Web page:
For many years Becky McKenzie used a Zoli in competition, so who better to test the latest Zoli Z-Sport MR?
The Zoli Z-Sport MR Mid Rib is what I would class as the Zoli Z-Sport step rib because this actually has a step-rib style of top rib.
Having shot a Zoli for many years, I pretty well know its range of guns inside out. For those who don’t, I suggest you try one because there’s something for everyone.
The brand starts with the Z-One, a pretty basic Zoli with standard fixed stock, but the walnut is of good quality. It also comes with flush chokes.
Then comes the Kronos. I feel this is an understated gun and many more should have been sold in the UK because it’s an excellent bit of kit.
Then there is the Z line-up: Z-Skeet, Z-Trap, Z-Sport. Zoli Z-Sport Mid Rib, which I am testing here, and Z-High Rib, which is available in Skeet and Sporting. Next is the Z-Extra. This is the Z-Sport range with extra engraving.
Running alongside these are the Z-XL Evo and Z-Bella, which are the ladies’ guns. Finally, there is the Z-Vintage. This is the one I wanted to get my hands on, with traditional colour case hardening and gold engraving.
Testing the Zoli Z Sport MR
On to the Zoli Z Sport MR. I had the 29.5in version. The gun I currently shoot has 32in barrels, so I was keen to see how I fared. Would my muscle memory of using longer barrels mean that I would swing the gun wildly when tracking a target? We went to Sporting Targets in Bedford, where the MR got a good workout on a wide range of clays.
The gun arrived in the normal blue Zoli ABS case. The barrels and stock were in the attractive blue Zoli socks. Putting the gun together and easing it into my shoulder in the shop, it felt somewhat heavy. I popped it on the scales and it weighed in at 8lb 4oz, 2oz lighter than my Perazzi.
The length of pull on this particular gun was 15in, which I believe is why it felt heavy for me. The stock being too long for me meant my arms were stretched out to hold the gun, plus I’d had a competition the previous weekend, so I was rather fatigued.
However, out on the range the Zoli was transformed. The mid rib or step rib, as it is sometimes known, gave a wonderful sight picture, higher than a flat rib, but nowhere near as high as a high-rib style shotgun. The Zoli Z-Sport MR had the black action, with a gold engraved Z on it. I do like this plain style action because it is understated and classy.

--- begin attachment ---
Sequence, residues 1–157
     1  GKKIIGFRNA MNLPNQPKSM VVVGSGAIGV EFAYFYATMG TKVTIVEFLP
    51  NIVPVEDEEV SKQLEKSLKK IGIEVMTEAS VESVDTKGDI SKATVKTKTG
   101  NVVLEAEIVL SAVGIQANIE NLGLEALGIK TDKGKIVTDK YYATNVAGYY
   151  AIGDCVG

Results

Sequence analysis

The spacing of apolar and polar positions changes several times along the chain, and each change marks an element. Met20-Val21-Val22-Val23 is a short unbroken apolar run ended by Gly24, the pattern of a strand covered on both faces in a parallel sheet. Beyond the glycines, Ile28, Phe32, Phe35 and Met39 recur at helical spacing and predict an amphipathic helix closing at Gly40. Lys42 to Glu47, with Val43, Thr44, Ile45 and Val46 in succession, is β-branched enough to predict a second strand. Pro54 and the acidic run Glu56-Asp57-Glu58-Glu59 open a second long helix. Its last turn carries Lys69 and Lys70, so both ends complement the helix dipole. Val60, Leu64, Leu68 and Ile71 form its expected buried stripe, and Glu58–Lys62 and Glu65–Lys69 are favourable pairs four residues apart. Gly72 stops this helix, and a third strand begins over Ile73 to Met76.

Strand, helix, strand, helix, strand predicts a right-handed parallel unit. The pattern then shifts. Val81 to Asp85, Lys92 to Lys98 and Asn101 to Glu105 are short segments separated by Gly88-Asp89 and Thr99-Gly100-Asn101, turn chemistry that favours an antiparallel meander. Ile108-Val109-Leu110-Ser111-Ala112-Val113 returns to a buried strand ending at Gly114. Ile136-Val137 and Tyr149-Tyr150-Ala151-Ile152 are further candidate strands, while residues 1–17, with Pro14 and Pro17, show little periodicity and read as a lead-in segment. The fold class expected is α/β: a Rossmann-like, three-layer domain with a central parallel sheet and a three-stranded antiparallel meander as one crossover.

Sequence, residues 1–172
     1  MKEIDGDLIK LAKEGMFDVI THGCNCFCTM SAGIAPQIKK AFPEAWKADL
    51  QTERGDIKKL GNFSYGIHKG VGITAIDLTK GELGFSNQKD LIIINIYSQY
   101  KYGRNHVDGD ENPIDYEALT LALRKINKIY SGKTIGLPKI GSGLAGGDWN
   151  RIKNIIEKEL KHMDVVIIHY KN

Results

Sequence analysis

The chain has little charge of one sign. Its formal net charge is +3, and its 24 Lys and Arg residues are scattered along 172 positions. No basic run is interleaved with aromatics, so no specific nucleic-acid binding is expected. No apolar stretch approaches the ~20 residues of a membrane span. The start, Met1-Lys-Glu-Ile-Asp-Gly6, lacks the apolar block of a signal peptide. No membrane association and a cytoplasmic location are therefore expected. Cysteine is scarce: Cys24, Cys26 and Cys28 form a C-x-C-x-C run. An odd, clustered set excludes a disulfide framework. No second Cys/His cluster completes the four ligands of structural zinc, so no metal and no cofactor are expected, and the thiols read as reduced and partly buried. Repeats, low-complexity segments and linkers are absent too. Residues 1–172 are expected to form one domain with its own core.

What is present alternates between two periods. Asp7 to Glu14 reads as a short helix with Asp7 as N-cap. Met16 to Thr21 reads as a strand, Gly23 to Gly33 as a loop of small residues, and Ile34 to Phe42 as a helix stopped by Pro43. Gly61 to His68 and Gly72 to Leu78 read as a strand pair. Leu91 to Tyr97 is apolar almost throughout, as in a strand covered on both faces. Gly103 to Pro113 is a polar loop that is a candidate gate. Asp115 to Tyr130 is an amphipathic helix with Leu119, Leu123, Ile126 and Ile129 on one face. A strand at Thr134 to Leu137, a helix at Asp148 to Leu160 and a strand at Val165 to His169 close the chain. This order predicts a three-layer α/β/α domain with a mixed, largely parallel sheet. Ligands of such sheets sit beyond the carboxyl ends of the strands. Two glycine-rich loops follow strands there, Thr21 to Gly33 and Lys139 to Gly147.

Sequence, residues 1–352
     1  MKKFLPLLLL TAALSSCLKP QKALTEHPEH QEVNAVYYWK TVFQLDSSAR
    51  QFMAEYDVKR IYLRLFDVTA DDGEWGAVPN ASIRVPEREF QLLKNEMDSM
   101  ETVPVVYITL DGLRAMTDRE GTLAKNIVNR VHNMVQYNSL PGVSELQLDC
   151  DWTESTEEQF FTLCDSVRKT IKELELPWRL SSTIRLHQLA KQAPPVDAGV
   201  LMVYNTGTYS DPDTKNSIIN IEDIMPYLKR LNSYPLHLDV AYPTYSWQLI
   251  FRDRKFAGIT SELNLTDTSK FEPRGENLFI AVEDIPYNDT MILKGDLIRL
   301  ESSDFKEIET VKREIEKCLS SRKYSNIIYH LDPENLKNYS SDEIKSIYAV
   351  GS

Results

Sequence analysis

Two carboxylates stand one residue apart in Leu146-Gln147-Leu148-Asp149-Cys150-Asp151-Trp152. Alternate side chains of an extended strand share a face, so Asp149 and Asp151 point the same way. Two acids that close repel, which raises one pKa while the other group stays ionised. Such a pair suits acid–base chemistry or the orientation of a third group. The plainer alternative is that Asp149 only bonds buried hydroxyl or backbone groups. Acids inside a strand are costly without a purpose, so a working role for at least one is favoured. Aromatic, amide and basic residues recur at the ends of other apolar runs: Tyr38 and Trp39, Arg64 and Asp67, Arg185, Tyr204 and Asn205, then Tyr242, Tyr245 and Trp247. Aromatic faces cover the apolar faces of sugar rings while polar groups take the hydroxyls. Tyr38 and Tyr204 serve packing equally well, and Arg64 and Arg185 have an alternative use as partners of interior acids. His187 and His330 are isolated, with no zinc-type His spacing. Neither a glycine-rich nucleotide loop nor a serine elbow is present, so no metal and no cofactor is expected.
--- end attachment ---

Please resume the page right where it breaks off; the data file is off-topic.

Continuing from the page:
The barrels had an orange foresight and had extended titanium-coated chokes. Talking of chokes, you always get a good selection with the Zoli Z range. This one had Skeet, cylinder, light modified, modified and improved modified. Whatever choke is fitted, I have found that a Zoli always patterns exceptionally well.
The MR comes in 29.5 or 32in barrels, which are silver soldered for extra strength. Zoli was the first to introduce this technique into gunmaking in 1975. It has the effect of reducing the micro vibrations when shooting by 90% and ensures the longevity of the barrels, which are proofed for superior steel.
This gun is only available in 12-bore as it is designed purely for competition. It comes with some fine Turkish walnut and a fully adjustable comb. The Z range also has detachable trigger groups, which are titanium-coated, whereas the Kronos is just highly polished. Having a detachable trigger group means you can swap them out easily in a competition without breaking your flow. Other makers who use this technique are Perazzi and Beretta.
The trigger mechanism has self-lubricating springs, selective trigger and is inertia operated. The trigger position is also adjustable for length of pull, making shooting more comfortable for people with small hands.
Attacking the first few clays, I found the movement of the barrels smooth and accurate and the gun had low recoil. (Read more about recoil here.) Wondering how a quick direction change would feel with it, I tried a right to left crosser. Then a left to right quartering way. Smash! Smash! Thank you very much. The handling was great all round. The MR moves gracefully and quickly, without putting undue strain on the arms.